Topeka Republicans on a Senate committee Monday recommended legislation that would prevent Gov. Kathleen Sebelius, a Democrat, from appointing someone to fill a U.S. Senate vacancy.
And GOP members of the Elections and Local Government Committee appeared reluctant to accept measures that would prohibit elected officials from lobbying for two years after they leave office and require timely disclosure of campaign contributions in the final days of an election.
The bill concerning replacing a U.S. senator from Kansas was sent to the full Senate with only Sen. Marci Francisco, D-Lawrence, in dissent.
Under current law, should a U.S. senator from Kansas resign from office during his or her term, the governor would appoint a temporary replacement who would serve until the next general election.
But under Senate Bill 152 by state Sen. Dennis Pyle, R-Hiawatha, the governor would have to call a special election to fill the vacancy.
Some have suggested Pyle's measure was an attempt to short-circuit a Sebelius appointment to the Senate should U.S. Sen. Sam Brownback, R-Kan., resign. Brownback is running for the Republican nomination for president.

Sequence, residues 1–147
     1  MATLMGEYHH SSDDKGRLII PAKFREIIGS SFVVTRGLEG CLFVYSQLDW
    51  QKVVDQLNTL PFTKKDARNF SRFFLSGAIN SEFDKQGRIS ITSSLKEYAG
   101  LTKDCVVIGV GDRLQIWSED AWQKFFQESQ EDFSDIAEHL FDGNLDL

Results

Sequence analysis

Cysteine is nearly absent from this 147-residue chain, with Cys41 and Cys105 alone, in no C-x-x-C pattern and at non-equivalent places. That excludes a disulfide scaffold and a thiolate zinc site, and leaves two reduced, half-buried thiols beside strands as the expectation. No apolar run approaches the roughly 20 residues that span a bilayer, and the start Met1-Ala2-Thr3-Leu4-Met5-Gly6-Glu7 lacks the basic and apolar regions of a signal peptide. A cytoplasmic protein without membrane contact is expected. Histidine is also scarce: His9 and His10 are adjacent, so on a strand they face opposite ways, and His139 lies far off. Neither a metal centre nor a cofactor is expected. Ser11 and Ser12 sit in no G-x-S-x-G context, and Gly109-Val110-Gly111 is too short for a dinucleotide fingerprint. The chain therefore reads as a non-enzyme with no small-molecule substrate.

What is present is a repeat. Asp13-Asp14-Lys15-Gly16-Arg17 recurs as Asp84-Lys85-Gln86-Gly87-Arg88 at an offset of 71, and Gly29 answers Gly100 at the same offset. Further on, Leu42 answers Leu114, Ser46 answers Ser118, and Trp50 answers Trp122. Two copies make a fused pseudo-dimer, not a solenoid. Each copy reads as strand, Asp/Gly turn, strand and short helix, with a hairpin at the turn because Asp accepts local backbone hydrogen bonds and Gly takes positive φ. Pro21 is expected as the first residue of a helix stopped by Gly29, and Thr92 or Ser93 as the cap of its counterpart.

But Pyle denied that partisan politics had anything to do with his bill, saying that in the future, his proposal could affect a Republican governor.
"People should have a say" on the replacement senator, he said.
But Francisco said she opposed Pyle's bill because of the $2 million price tag for a statewide special election.
On another issue, the Republican chairman of the committee, Sen. Tim Huelskamp of Fowler, said he was reluctant to advance a Democratic proposal to prohibit legislators and statewide elected officials from becoming lobbyists for two years after they leave office.
Sen. Anthony Hensley, D-Topeka, said the legislation was needed "to stop the practice of public service leading to private payoff."
Numerous elected officials have become lobbyists almost immediately after leaving office. The latest example is Doug Mays, who retired as speaker of the House in January and now, just weeks later, is representing special interests as a lobbyist.
Hensley said his legislation wasn't aimed at any particular person, but said it was simply good public policy to stop the "revolving door" of elected officials becoming lobbyists.
But later Huelskamp said aside from Hensley testifying in support of the bill, there seemed to be no interest in it.
Some committee members also criticized a proposal by the Kansas Governmental Ethics Commission to require reporting of large donations in the 11 days prior to an election.
Currently, those donations aren't reported until months after the general election.
"This postelection reporting of last-minute contributions does not provide the citizens of Kansas the opportunity to view these contributions in a timely fashion," said Donna Voth, general counsel of the Ethics Commission.
But state Sen. Les Donovan, R-Wichita, questioned whether the public was interested in that information.
"How much of the public really cares about this? Very few would be my guess," Donovan said.